With its emerging work in the private sector, IARA envisions the establishment of standardized accountability practices and measures for corporate racial equity efforts. This work seeks to support landscape actors in developing and using metrics to measure the impact of efforts towards equity goals, in response to perspectives of people of color impacted on the…
What would an ecosystem of racial justice investments look like?
A healthy, multifaceted ecosystem of racial justice-focused investments would be rooted in historical knowledge, robust racial equity metrics, and antiracist accountability standards. Current organizational diversity initiatives often receive praise based on their aspirational claims, whereas a healthy ecosystem would value their effectiveness. This would best be measured by historical reckoning, racial equity benchmarking, and structural analysis of the organization’s impact on racial justice in society.
Why is antiracist research needed in the private sector?
The field of antiracist policy and practice research is only just beginning. Analysis of racial disparities in all sectors are far more abundant than the analysis of how to dismantle or transform the societal systems, policies, and practices that produce these disparities. Further, professional standards, managerial capacity, and leadership have been hindered by the absence of standardized racial equity measures and accountability practices like those developed for environmental or governance disclosure within robust Environmental, Social and Governance (ESG) models.
How will IARA’s antiracist research contribute to real change?
Accountability frameworks and benchmarks give organizations a clear road map to success and allow stakeholders to hold them to those standards. In order to develop these critical tools, IARA’s researchers will investigate key questions such as:
1 — What policies, processes, reporting and accountability frameworks are currently shaping racial equity within the corporate sector?
2 — How, where, and with what efficacy is the ‘spending’ associated with racial equity efforts reported and measured?
3 — How, where, and over what time period is internally focused equity being tracked and analyzed on an aggregate basis?
4 — Who is at work behind the scenes and what resources are available to encourage corporate sector actors towards better antiracism practices and accountability?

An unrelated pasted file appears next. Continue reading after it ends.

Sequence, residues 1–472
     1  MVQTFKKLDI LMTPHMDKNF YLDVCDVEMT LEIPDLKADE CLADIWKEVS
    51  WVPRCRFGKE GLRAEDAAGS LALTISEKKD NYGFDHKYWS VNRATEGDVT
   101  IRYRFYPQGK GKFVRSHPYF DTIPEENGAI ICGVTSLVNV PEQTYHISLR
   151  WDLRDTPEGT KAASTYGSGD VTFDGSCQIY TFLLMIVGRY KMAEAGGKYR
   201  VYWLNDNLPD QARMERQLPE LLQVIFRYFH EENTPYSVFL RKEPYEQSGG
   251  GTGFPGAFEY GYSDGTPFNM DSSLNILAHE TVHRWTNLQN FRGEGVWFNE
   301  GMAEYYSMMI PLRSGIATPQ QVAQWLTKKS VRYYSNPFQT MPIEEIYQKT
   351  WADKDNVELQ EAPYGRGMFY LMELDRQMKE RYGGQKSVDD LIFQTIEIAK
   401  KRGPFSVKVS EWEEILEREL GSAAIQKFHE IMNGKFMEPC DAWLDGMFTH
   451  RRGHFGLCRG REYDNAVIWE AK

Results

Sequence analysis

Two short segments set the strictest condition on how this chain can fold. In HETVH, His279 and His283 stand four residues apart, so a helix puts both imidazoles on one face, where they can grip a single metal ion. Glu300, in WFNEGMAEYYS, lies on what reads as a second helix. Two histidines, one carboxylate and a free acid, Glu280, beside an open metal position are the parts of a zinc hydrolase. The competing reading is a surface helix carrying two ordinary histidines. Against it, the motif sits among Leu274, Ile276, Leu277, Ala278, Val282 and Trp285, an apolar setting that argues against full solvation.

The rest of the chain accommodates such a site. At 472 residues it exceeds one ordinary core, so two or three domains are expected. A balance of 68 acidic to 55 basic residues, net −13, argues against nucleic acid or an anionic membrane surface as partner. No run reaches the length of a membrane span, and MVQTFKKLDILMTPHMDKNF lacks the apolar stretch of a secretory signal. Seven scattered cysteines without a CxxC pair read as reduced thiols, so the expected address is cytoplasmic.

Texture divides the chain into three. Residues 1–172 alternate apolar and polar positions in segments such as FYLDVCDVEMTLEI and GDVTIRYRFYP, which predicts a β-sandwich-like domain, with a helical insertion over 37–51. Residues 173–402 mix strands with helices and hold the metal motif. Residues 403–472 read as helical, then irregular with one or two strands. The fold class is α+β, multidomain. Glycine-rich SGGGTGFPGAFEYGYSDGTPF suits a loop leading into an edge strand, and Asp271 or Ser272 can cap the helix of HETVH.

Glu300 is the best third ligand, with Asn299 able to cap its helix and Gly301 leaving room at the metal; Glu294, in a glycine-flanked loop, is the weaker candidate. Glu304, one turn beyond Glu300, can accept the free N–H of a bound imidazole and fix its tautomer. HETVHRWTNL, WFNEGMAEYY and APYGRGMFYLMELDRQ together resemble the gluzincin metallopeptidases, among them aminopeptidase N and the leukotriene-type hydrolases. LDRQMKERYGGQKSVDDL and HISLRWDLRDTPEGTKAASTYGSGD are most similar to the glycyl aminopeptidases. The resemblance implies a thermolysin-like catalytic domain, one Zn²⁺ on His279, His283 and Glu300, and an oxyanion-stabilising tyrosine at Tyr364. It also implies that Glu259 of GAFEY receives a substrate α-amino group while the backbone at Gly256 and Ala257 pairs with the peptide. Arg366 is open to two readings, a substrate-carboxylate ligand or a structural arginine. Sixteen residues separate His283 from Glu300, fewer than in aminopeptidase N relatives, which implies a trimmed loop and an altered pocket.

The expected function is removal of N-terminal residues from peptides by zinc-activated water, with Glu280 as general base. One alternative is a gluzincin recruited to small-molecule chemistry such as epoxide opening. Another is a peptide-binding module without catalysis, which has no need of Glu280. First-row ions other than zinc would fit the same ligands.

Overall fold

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Meet the researcher
Institutional Antiracism and Accountability Project
IARA resources on the private sector
JULY 7, 2020
Solidarity statements allow companies to invest in good will without investing in substantive change — a practice also known as diversity washing, or reputational laundering. What organization wants to be accused of being pro-racist or complacently silent?
Written by IARA Director Professor Khalil Gibran Muhammad and IARA Research Project Director Erica Licht
MARCH 18, 2022
This special episode of Untying Knots shares a discussion from the 2021 Truth and Transformation Conference. This panel, titled “Preserving Seats at the Table,” addressed the power of boards to steer equitable change for their companies, and what is at stake if they don’t. The discussion applied a power analysis to organizational hierarchy and power, by taking a closer look at the positions white leaders occupy, and their collusion with resistance to change.
Hosted by IARA Research Project Director Erica Licht and Nikhil Raghuveera
OCTOBER 15, 2021
From the 2021 Truth and Transformation Conference, the panel “Money Left on the Table” addressed the economic argument for diversity and discussed two central questions: Does this argument even make sense? And why hasn’t everyone already won? Key leaders from various organizational vantage points weighed in and provided insight on how they witness and address resistance to antiracist change.
Related RRAPP summaries on the private sector
The Influence of Board Diversity, Board Diversity Policies and Practices, and Board Inclusion Behaviors on Nonprofit Governance Practice